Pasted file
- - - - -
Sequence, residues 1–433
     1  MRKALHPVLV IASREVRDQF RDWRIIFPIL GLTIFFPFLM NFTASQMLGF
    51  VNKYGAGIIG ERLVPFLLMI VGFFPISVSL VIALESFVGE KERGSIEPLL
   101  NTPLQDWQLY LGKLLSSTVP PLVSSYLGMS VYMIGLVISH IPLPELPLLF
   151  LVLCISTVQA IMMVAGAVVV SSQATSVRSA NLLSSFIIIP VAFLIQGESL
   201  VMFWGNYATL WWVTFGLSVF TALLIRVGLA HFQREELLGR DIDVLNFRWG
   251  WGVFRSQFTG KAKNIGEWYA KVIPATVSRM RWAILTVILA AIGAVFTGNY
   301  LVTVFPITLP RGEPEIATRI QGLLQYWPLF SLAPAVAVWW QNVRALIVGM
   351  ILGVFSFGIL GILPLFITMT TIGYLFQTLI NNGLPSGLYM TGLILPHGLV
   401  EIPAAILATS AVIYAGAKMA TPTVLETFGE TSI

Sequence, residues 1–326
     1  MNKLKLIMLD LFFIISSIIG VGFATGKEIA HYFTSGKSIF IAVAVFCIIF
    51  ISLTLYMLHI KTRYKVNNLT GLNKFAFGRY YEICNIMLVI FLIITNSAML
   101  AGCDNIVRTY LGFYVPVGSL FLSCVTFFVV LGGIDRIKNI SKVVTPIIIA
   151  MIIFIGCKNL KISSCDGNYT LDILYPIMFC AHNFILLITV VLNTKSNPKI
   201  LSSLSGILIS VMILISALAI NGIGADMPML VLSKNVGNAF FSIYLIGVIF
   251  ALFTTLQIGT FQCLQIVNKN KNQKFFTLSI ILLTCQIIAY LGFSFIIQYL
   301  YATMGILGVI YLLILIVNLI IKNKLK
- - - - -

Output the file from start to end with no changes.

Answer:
Sequence, residues 1–433
     1  MRKALHPVLV IASREVRDQF RDWRIIFPIL GLTIFFPFLM NFTASQMLGF
    51  VNKYGAGIIG ERLVPFLLMI VGFFPISVSL VIALESFVGE KERGSIEPLL
   101  NTPLQDWQLY LGKLLSSTVP PLVSSYLGMS VYMIGLVISH IPLPELPLLF
   151  LVLCISTVQA IMMVAGAVVV SSQATSVRSA NLLSSFIIIP VAFLIQGESL
   201  VMFWGNYATL WWVTFGLSVF TALLIRVGLA HFQREELLGR DIDVLNFRWG
   251  WGVFRSQFTG KAKNIGEWYA KVIPATVSRM RWAILTVILA AIGAVFTGNY
   301  LVTVFPITLP RGEPEIATRI QGLLQYWPLF SLAPAVAVWW QNVRALIVGM
   351  ILGVFSFGIL GILPLFITMT TIGYLFQTLI NNGLPSGLYM TGLILPHGLV
   401  EIPAAILATS AVIYAGAKMA TPTVLETFGE TSI

Sequence, residues 1–326
     1  MNKLKLIMLD LFFIISSIIG VGFATGKEIA HYFTSGKSIF IAVAVFCIIF
    51  ISLTLYMLHI KTRYKVNNLT GLNKFAFGRY YEICNIMLVI FLIITNSAML
   101  AGCDNIVRTY LGFYVPVGSL FLSCVTFFVV LGGIDRIKNI SKVVTPIIIA
   151  MIIFIGCKNL KISSCDGNYT LDILYPIMFC AHNFILLITV VLNTKSNPKI
   201  LSSLSGILIS VMILISALAI NGIGADMPML VLSKNVGNAF FSIYLIGVIF
   251  ALFTTLQIGT FQCLQIVNKN KNQKFFTLSI ILLTCQIIAY LGFSFIIQYL
   301  YATMGILGVI YLLILIVNLI IKNKLK